• SPOILERS! Joking. 😛

      It’s interesting how often authors come from reading something that they disagree with. Death of a character or a romance they don’t like can be a real spark.

      If it makes you feel any better, I go along with C too. It’s a big factor in what I do and you can see it in the way I have ‘destiny vs free will’ in my stories. We always want to leave something behind to prove to future generations that we were here. Some people are fine with survival, but creative types like us want more.


  8. Olivia Stocum says:

    I write because if I don’t, the voices in my head take over and I can no longer function as a normal human being. Recently a new friend asked me if Schizophrenia ran in my family. She didn’t mean it to hurt me, she was honestly just curious about the writing process and how my mind works. I laughed and told her than Writing was the only socially acceptable from of schizophrenia. She laughed back and said something like, “Well, that clears it all up then!”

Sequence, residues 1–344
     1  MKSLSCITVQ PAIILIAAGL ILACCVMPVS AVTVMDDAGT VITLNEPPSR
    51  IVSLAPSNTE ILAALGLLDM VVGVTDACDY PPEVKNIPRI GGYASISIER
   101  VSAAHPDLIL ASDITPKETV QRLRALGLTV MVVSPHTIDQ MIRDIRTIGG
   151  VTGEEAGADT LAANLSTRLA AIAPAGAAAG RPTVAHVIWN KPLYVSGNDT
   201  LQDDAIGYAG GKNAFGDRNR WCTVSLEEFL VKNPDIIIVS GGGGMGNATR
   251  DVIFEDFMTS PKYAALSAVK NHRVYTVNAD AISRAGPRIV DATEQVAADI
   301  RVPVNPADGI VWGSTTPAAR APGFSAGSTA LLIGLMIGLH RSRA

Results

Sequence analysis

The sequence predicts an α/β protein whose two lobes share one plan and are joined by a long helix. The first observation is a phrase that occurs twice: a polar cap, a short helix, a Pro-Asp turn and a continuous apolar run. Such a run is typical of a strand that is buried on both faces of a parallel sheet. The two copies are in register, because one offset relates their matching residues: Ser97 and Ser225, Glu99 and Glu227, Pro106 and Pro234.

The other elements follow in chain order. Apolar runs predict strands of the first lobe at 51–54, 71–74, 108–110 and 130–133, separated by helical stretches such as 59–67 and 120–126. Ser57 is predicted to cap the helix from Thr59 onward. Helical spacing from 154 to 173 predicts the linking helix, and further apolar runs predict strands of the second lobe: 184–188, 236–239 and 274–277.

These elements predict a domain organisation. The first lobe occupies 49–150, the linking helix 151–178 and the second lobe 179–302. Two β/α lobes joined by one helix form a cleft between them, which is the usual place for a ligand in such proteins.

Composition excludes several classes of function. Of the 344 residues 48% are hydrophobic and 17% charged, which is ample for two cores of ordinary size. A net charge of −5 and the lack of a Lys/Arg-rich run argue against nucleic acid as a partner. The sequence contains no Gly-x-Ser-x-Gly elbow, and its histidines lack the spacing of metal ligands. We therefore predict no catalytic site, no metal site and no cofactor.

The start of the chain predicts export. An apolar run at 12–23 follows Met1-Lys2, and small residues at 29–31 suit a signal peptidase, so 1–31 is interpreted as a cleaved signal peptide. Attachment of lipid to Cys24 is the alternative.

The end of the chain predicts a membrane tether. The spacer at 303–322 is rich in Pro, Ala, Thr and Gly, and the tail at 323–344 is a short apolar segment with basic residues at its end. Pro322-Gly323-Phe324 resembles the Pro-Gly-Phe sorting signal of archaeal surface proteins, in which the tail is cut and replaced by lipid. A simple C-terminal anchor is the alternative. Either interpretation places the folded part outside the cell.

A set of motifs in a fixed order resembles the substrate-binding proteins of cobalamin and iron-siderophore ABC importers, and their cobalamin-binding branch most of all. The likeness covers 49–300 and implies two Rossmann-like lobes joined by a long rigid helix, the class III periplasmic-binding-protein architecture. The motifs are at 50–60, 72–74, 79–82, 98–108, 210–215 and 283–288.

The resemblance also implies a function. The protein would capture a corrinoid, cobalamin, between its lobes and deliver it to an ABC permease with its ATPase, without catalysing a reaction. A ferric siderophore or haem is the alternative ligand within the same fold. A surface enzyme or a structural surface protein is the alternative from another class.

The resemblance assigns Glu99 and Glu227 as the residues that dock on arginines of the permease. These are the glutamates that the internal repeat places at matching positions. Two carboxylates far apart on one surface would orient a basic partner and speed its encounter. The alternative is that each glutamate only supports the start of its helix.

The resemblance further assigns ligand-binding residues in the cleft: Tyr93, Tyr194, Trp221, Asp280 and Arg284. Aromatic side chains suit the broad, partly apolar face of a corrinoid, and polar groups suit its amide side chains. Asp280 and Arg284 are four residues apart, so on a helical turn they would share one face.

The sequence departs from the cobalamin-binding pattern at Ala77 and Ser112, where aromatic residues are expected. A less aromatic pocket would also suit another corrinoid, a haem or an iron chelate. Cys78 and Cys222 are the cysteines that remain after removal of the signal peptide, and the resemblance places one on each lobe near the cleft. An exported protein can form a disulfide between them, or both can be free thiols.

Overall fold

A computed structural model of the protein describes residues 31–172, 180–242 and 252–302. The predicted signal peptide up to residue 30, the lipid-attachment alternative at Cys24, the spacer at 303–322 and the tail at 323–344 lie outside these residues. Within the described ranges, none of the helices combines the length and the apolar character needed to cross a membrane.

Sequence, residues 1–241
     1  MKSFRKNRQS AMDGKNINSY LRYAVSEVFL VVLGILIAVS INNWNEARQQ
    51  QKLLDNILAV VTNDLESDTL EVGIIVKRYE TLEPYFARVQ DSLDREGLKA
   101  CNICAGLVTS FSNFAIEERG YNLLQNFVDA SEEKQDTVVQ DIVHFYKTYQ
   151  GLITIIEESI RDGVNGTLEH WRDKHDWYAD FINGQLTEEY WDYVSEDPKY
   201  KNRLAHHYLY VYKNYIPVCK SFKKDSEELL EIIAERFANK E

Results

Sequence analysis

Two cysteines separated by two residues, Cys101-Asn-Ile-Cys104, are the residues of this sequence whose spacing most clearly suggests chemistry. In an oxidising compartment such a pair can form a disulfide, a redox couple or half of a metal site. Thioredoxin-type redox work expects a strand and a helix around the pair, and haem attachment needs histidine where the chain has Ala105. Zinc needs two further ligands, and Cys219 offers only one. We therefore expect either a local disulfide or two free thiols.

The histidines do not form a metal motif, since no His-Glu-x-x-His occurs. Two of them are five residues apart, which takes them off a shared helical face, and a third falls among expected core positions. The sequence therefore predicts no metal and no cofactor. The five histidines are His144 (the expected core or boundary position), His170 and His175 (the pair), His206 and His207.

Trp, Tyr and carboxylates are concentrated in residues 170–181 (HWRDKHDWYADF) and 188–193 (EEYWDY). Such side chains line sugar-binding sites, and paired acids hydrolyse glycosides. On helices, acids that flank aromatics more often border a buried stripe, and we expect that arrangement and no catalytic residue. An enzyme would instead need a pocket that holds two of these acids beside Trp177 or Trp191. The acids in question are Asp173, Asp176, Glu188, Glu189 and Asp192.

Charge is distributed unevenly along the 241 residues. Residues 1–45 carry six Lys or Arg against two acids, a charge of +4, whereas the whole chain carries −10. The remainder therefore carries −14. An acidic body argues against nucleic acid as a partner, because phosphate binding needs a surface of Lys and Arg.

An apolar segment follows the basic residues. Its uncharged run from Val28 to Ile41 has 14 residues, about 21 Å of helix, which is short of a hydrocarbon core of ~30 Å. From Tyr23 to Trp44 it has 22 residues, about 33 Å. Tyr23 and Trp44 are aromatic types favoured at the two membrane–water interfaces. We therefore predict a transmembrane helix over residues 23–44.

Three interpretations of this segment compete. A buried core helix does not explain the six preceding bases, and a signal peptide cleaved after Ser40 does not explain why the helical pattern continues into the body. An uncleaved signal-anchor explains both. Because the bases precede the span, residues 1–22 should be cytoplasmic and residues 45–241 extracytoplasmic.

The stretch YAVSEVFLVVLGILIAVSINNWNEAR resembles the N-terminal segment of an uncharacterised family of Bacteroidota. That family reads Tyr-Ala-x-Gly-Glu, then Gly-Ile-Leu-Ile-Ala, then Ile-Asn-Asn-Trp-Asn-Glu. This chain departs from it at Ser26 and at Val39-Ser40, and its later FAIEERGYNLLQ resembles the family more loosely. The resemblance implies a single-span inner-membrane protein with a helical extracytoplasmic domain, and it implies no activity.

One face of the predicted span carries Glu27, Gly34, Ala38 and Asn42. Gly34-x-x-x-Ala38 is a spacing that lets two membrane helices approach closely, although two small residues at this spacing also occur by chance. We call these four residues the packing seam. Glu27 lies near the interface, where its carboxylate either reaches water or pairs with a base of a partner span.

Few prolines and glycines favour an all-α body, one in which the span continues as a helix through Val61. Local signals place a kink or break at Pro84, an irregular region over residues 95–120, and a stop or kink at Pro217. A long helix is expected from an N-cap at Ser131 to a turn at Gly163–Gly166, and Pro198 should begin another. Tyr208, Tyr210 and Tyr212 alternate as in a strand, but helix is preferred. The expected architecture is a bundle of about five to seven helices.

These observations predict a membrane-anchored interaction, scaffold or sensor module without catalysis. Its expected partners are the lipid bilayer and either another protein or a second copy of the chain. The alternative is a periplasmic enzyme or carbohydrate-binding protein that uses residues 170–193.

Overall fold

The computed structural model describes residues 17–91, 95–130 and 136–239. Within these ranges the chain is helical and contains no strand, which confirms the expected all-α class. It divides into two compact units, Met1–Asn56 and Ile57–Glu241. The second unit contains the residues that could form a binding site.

9. Great topic, Charles! I write mostly to get the characters in my head to stop bugging me (although in some cases it simply encourages them) and sometimes as a method of wish fulfillment, or living vicariously through them. Mostly though, it’s because I simply enjoy the story that spins itself out.


  10. Oloriel says:

    Im pretty much on board with what you wrote, except for the money. Id rather have one crazed fan, than a million bucks.


  11. M T McGuire says:

    I write because…
    1, I love it.
    2, Now I’ve started I can’t stop. I don’t call myself an authorholic for nothing. To be honest, my life would be very much easier if I didn’t write but I can’t give it up.